Too Nervous to Speak Up
    Footnotes

    “Too Nervous to Speak Up,” Ensign, Aug. 2000, 66–67

    Too Nervous to Speak Up

    Shyness and nervousness have always made my life difficult. High school and college were trying because I was too afraid to answer questions verbally. Job interviews were equally hard, and it was difficult for me to secure employment.

    After I joined the Church, sometimes I did not go to Church meetings for fear of being asked to offer a prayer. I felt bad having a testimony and not sharing it with my fellow brothers and sisters, but I was too nervous to speak up. One Sunday I was asked to offer a spiritual thought the next week. As I walked home after church that Sunday, I thought seriously of never returning.

    That afternoon I decided to have a nap. Before I dozed off, my six-year-old son, David, walked into the bedroom holding a copy of the Pearl of Great Price. He had opened the book to Moses, chapter 6, and he asked me to read it to him. Reluctantly I told him I was tired, and I closed the book. He pleaded, “Please, Mommy, just read here.” He again opened to Moses, chapter 6, and pointed to verse 31. I started to read about Enoch:

    “He bowed himself to the earth, before the Lord, and spake before the Lord, saying: Why is it that I have found favor in thy sight, and am but a lad, and all the people hate me; for I am slow of speech; wherefore am I thy servant?

    “And the Lord said unto Enoch: Go forth and do as I have commanded thee, and no man shall pierce thee. Open thy mouth, and it shall be filled, and I will give thee utterance, for all flesh is in my hands, and I will do as seemeth me good” (Moses 6:31–32).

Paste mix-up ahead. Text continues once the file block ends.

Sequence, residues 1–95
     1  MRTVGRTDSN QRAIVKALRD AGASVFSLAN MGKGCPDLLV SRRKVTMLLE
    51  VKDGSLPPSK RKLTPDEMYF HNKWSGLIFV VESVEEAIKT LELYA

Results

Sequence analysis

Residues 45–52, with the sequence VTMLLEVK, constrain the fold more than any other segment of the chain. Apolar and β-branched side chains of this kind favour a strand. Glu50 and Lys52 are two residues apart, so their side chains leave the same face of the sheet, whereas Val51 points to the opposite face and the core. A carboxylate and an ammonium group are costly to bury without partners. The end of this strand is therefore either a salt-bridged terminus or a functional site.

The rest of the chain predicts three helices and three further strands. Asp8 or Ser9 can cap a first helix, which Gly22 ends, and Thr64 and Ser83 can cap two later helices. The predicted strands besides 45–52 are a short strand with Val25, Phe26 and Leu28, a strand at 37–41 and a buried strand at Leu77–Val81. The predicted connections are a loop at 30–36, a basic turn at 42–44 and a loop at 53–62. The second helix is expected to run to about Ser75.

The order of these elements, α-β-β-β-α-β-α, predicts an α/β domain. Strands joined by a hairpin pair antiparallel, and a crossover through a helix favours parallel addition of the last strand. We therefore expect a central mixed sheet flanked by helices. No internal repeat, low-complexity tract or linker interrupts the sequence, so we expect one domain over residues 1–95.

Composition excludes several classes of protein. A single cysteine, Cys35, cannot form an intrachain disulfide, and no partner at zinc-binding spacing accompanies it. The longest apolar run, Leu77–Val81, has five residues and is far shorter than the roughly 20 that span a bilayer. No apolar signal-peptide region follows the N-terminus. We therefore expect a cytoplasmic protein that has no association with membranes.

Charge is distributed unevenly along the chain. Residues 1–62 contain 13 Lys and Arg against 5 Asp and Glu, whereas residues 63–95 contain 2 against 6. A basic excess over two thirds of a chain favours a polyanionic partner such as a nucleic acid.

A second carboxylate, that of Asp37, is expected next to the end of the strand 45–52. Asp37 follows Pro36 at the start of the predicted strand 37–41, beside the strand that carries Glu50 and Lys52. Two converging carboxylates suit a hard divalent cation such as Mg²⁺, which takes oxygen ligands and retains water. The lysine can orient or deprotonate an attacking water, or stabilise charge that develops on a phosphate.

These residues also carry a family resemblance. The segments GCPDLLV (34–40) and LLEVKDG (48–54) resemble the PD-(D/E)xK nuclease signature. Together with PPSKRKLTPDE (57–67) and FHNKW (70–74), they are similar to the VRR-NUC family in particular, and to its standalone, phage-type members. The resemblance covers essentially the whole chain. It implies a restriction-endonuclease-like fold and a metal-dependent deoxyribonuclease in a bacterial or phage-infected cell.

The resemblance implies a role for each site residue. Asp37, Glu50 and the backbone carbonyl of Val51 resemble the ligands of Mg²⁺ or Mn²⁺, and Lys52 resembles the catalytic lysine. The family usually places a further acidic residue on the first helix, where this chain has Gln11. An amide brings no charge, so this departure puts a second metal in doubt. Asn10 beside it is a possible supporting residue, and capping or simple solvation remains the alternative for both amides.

Even before David asked me to explain these scriptures, I had a new feeling within me. In the best and simplest way I could, I spoke to him in Kiswahili, our native tongue, and explained that the Lord promised to help Enoch and to make his weaknesses his strengths (see Ether 12:27). David smiled at me and told me to continue resting.

    I did not go to sleep but spent the time pondering the realization that I am a special child of God and that He had a purpose in sending me to earth.

    The next Sunday I was nervous, but I gave the spiritual thought. I was later called as a Relief Society teacher, and with the help of the other sisters and my loving Heavenly Father I was able to teach the lessons. I was subsequently called as first counselor in the branch Relief Society presidency.

    It is amazing how the scriptures can bring light into our lives, both spiritually and temporally.

    • Pamela Akinyi Obaro is a member of the Parklands Branch, Nairobi Kenya Stake.

    Illustrated by Brian Call